It appears the city’s Urban Redevelopment Agency may be letting a good opportunity pass it by.
Michael Kaufman and his father, Jim, have stated multiple times their desire to invest in downtown Brunswick. They are putting their money right in the heart of where their mouth has been.
The Kaufmans have purchased a couple of properties on Newcastle Street and in downtown. One of those is at 1612 Newcastle Street, where the businessmen renovated the top floor to be office space called The Wick, to be rented to folks who need some meeting space or a place to work, but may not need a fully operational office building all for themselves.
That venture is about 80 percent occupied, Michael Kaufman said last week.
The opportunity missed is downstairs, where the father-son team offered the URA space for the Oglethorpe Conference Center that has been in the works since the SPLOST money to build it started being collected more than a decade ago.
The roughly 12,000 square foot space is well suited to become the 10,000 square foot conference center it has been planned to be.
The Kaufmans made the pitch to the agency a few months ago. It is now the middle of June, and they have not heard a response, despite the agency expressing its interest in the project.
If the conference center would have gone into the Newcastle Street property, rather than across the street on the empty block where the old Oglethorpe Hotel once stood at the corner of Bay and Newcastle streets, the Kaufmans wanted to build a 175-unit apartment/retail development on the empty lots.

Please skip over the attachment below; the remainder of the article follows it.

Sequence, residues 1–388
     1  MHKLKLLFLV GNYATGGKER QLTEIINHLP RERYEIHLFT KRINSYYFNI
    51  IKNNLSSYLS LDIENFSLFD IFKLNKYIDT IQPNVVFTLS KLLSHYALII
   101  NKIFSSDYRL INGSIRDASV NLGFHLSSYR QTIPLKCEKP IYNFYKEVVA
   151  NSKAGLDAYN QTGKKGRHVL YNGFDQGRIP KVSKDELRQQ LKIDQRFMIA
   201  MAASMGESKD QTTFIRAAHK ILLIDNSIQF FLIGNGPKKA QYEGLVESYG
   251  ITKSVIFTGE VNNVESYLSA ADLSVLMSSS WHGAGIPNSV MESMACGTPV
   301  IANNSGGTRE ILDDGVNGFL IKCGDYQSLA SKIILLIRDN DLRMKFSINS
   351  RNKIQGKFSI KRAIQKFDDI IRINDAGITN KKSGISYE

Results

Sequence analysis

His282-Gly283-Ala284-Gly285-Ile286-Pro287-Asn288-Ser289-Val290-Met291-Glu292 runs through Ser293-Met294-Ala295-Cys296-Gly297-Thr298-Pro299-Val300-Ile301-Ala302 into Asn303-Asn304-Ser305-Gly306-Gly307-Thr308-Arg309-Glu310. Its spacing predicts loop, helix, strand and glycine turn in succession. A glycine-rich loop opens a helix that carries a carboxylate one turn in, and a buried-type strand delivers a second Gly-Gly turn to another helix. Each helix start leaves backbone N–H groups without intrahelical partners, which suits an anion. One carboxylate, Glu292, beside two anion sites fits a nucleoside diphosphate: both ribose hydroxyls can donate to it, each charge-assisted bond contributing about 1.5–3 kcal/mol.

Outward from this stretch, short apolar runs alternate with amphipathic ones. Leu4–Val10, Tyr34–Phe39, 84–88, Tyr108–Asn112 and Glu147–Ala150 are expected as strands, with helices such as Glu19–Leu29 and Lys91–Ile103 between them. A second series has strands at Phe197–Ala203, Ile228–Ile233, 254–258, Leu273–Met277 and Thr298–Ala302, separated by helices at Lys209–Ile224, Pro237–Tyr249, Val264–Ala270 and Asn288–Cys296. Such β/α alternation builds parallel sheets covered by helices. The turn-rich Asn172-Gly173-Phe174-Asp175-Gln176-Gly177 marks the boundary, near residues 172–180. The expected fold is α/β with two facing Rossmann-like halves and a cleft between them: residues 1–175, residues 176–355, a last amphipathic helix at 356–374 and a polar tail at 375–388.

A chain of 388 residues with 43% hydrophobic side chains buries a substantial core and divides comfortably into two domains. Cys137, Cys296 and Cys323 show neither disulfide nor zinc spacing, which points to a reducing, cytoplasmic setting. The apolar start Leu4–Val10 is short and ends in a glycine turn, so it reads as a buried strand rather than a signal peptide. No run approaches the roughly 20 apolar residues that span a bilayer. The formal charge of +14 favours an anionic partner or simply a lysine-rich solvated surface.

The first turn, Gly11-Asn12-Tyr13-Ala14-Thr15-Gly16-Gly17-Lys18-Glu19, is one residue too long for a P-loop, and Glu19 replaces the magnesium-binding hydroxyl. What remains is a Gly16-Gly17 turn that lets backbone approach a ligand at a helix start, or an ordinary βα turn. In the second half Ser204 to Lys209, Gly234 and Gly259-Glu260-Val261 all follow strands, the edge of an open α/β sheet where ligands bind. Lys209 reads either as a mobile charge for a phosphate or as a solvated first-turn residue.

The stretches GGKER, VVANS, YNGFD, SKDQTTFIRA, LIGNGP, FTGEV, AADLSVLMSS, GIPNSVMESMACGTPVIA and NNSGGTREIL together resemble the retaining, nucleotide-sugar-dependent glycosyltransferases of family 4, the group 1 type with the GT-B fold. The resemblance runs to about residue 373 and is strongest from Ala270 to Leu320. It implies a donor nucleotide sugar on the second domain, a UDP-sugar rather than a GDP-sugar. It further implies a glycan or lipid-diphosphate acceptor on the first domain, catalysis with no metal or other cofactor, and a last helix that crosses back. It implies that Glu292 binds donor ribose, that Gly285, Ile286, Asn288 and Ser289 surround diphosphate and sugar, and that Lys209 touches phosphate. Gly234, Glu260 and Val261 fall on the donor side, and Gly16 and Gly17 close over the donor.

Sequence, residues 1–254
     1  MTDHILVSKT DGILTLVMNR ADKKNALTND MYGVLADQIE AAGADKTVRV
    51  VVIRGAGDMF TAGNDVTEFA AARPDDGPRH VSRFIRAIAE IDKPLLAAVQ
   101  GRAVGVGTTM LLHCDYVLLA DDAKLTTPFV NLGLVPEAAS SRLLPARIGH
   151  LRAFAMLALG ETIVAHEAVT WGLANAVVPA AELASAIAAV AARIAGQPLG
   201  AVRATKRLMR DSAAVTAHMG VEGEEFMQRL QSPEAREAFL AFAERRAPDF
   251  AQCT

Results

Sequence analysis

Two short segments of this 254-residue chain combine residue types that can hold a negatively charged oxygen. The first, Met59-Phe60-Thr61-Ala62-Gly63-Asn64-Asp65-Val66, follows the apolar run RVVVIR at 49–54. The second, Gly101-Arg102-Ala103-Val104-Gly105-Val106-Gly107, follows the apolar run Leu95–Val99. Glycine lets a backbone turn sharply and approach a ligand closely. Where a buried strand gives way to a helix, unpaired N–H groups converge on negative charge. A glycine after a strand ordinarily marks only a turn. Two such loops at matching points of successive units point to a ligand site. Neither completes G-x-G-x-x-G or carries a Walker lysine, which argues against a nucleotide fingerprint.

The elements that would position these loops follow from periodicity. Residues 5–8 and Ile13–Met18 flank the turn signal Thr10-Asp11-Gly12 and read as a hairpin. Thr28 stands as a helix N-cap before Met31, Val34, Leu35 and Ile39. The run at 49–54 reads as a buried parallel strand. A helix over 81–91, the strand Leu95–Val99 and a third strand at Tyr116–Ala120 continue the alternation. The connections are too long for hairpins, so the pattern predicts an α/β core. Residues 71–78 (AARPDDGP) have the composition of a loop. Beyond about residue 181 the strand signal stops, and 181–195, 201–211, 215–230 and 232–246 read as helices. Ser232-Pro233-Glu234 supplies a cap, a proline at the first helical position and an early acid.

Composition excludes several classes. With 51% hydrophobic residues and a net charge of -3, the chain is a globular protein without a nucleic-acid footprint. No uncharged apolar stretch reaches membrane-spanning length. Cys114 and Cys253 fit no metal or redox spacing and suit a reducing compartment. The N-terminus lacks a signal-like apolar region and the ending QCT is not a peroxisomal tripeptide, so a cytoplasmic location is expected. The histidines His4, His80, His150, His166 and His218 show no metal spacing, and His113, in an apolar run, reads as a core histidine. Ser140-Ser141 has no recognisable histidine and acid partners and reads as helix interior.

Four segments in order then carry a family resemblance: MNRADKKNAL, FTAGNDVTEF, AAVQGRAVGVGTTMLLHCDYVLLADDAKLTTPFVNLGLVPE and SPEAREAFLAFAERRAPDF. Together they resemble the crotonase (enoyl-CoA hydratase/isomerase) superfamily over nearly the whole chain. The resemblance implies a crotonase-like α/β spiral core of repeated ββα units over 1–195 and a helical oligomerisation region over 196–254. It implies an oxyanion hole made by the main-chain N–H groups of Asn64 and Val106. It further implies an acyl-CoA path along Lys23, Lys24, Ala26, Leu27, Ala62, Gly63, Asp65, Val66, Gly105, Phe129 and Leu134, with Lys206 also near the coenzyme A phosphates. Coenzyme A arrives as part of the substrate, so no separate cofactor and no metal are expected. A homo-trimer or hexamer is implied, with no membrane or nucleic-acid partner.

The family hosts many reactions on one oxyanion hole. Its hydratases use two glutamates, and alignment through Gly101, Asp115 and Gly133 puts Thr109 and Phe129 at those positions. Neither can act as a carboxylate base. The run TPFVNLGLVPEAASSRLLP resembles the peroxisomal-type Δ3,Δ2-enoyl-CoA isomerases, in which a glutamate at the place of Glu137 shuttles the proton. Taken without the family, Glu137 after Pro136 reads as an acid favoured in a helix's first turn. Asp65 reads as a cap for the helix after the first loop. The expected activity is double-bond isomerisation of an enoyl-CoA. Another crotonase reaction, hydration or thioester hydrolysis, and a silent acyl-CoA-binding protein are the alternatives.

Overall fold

This would have provided something local economists have said downtown Brunswick needs if it is to truly to transform itself — people living in its central district. As the folks at the Reg Murphy Center for Economic and Policy Studies have noted, retail and restaurants need people to patronize them, so the best way to spur that activity is to get more people living there.
This plan accomplished that goal.
But the URA still seems more focused on building a hotel to go with the conference center. While that is not bad idea, an apartment and retail development with views of the water, built to match the historic character of the district and at a rate affordable to the middle class or college students, provides an opportunity for long-term stability and activity. Nearly 200 more residents living directly in the middle of the downtown commercial district could lead to later hours for restaurants and shops and an stronger police presence.
A hotel on the other hand would only provide temporary jolts of activity when a conference is in session or an event is in town.
It seems the URA may have things backwards. Why not build the conference center in the existing Newcastle Street building, get a new apartment building on the Oglethorpe block, then build a hotel down the road when the new life in downtown has prompted more shops, more restaurants and more activity overall.
Then, the folks staying at the hotel will have plenty of places to go, which is something a study the agency paid for suggested was needed for a hotel to be successful.
Instead, the Kaufmans appear to be moving on and said last week they have leased their open space to other parties.
We are happy to see their success and wish those businesses leasing from them all the best, but it is sad to know the URA could have finally completed the Oglethorpe Conference Center and added some new people and businesses to the downtown scene if it just would have taken advantage of the opportunity in front of them.